Prince was a Sexy Mother

Minneapolis! The sixth leg of this book tour. I spent the late morning tooling around Paisley Park, the sometime home and fulltime recording studio of Prince Rogers Nelson. An exciting adventure quickly evolved into a very emotional experience. Everything is as it was when Prince was alive. It was easy to imagine him working and being in his favorite spaces, which were, apparently, often full of people. He invited his community into his home, performing for them often, free of charge. We saw the basketball studio Charlie Murphy told a famous story about, in which Prince and his fellow musicians challenged Murphy and his friends to a basketball game. Prince et al. handily handed Murphy and his team their asses—and then Prince served the confused and defeated men pancakes. I love this story for what it reveals about the maternal, the feminine, that was deeply and inextricably intertwined with the captivating and daring way Prince rewrote the meaning of masculinity. I love Prince for what he unleashed in me when I was a girl, which was the experience of desiring a man whose sexuality in no way mimicked the predictable heterosexual masculinity that stifled and bored me as I was growing up. “Where are her children?” was the first thing Prince said to Van Jones upon hearing of Lauryn Hill’s troubles. It is a question only a mother would ask. I think it hits me hard right now as I am a mother on the road, aching for my children at the same time as I am thrilled to “come out” as the writer that I’ve always wanted to be. “It’s weird, isn’t it? But moms can have dreams, too,” I told Giulia before I left. I bought her a sweatshirt from Paisley Park with the symbol Prince used to represent his embodiment of the masculine and feminine. One day she’ll understand it all. I hope.


Thank you, sweet Prince.

Note to Self

Lessons I’m Taking with Me on the Road after Years of Observing Fancy Writers Visiting the University of Vermont:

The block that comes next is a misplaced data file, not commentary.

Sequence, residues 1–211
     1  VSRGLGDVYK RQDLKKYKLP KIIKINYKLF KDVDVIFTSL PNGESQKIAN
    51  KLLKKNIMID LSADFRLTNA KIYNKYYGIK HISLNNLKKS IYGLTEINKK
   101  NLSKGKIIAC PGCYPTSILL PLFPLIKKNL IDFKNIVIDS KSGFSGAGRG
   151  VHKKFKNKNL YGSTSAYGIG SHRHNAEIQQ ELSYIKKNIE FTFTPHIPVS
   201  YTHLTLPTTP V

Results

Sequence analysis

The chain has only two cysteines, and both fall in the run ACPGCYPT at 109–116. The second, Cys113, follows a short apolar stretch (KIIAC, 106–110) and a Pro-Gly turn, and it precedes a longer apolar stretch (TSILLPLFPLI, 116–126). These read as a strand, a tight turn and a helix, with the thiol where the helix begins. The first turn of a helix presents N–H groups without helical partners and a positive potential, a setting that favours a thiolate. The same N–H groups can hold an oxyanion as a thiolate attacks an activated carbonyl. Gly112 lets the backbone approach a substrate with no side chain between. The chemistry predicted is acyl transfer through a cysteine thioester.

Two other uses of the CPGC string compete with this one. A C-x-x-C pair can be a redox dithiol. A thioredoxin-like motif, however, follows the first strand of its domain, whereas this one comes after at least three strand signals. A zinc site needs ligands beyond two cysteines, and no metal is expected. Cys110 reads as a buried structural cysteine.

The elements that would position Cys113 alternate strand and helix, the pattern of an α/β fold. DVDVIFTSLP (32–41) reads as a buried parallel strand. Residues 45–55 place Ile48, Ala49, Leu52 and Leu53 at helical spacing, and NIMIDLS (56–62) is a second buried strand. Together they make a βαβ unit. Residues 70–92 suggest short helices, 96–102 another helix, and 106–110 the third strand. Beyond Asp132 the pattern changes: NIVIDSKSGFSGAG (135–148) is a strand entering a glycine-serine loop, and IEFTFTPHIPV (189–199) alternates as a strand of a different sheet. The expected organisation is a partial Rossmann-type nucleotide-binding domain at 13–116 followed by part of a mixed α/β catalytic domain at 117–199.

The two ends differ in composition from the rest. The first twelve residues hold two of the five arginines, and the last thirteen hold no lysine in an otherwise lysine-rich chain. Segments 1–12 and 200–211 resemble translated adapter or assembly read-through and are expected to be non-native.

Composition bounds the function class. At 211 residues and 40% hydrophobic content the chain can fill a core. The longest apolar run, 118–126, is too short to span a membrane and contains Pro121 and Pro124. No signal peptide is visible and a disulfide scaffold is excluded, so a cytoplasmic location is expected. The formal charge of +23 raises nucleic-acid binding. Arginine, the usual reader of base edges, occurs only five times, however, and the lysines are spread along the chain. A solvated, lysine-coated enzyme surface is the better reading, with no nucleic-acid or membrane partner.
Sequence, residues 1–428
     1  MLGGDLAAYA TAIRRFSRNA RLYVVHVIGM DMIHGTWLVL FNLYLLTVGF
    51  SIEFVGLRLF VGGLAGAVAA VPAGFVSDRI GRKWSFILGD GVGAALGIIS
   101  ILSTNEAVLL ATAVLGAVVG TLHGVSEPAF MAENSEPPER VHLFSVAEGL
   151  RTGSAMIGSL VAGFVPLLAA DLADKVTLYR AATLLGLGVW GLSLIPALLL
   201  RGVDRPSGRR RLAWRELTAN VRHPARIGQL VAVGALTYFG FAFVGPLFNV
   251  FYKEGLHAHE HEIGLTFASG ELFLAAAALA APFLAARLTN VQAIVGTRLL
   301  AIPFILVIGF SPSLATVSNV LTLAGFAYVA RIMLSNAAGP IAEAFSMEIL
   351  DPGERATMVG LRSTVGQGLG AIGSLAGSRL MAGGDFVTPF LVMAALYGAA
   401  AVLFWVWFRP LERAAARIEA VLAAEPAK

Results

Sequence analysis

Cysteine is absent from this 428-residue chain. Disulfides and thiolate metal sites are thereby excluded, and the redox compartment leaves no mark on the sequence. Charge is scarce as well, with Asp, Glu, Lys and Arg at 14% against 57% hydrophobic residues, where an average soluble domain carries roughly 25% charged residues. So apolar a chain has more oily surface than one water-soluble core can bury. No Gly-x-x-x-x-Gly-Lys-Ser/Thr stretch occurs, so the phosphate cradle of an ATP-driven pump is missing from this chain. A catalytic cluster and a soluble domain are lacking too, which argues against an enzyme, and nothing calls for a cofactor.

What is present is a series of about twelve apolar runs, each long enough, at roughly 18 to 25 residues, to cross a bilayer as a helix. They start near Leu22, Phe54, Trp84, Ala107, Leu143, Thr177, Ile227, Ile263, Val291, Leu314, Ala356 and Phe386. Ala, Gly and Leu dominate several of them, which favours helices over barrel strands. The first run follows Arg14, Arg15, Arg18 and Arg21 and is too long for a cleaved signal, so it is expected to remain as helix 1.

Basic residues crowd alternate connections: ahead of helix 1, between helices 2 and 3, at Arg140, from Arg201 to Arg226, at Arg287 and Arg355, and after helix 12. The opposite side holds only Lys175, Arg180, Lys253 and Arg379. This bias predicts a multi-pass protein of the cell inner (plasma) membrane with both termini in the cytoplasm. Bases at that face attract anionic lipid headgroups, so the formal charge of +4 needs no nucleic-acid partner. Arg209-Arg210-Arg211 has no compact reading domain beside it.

Be kind to everyone who has taken the time to read your book or come to your reading. It costs you nothing and it means everything. Your hand is tired from signing hundreds of books on which people have spent $30 of their hard-earned money? Your mouth feels stretched out from smiling at adoring fans who have traveled from who-knows-where to hear you read from your own words on a page? Remember that there are plenty of writers out there who never get a hearing because their work is too bold, too strange, too quiet, too loud. Yes, you are talented, but you are also lucky. At least act grateful. If your hosts take time away from their families, friends, other work, or the Netflix series into which they are currently relaxing at the end of a long day, in order to break bread with you, be kind. You are still at work, and they are still at work. If the university that invited you has spent tens of thousands of dollars on your honorarium, particularly if that university is facing staggering budget cuts and its humanities faculty is quickly dwindling, say thank you to everyone you meet, and everyone at the table in the elegant French restaurant to which your hosts have invited you. If you are a fancy writer, be kind to the relatively unknown black woman writer who sits your right. This is even more important if you claim to be a champion of black women writers. At least don’t put your back to her. She won’t forget it.


I carried my father in a sturdy cardboard box through the Nashville airport. He sat in my bag in the guest room at my friend’s house, and then in my suitcase at the Four Seasons in St. Louis. By the time I got to the airport for my flight back to Burlington, I knew to put him in his own bin going through security. The agents were respectful and even tender.

My father, my censor. How I miss him. I went down to Nashville to prepare him for the publication of Black is the Body over three years ago. He died the next morning, before I had a chance to give him the speech I had practiced. He wasn’t a reader, my father, but he was close to people who were, and I didn’t want him to encounter the family stories in the book through other parties.

“Emily, don’t write this down,” I grew up hearing from him. “You should write all of this down,” my mother would say. In that intersection, in that can’t win for losing, I became a writer.

 My father was a keeper of many secrets. I found evidence of my mother’s interior life in the things she left behind: letters, cards, poetry, scrapbooks. My father’s private life I can only imagine. There are people whose lives were shattered by his death; I talked to a few of them last week in Nashville, the first stop of my book tour. He was 83, but his life stopped mid-story. Who knows how it will end.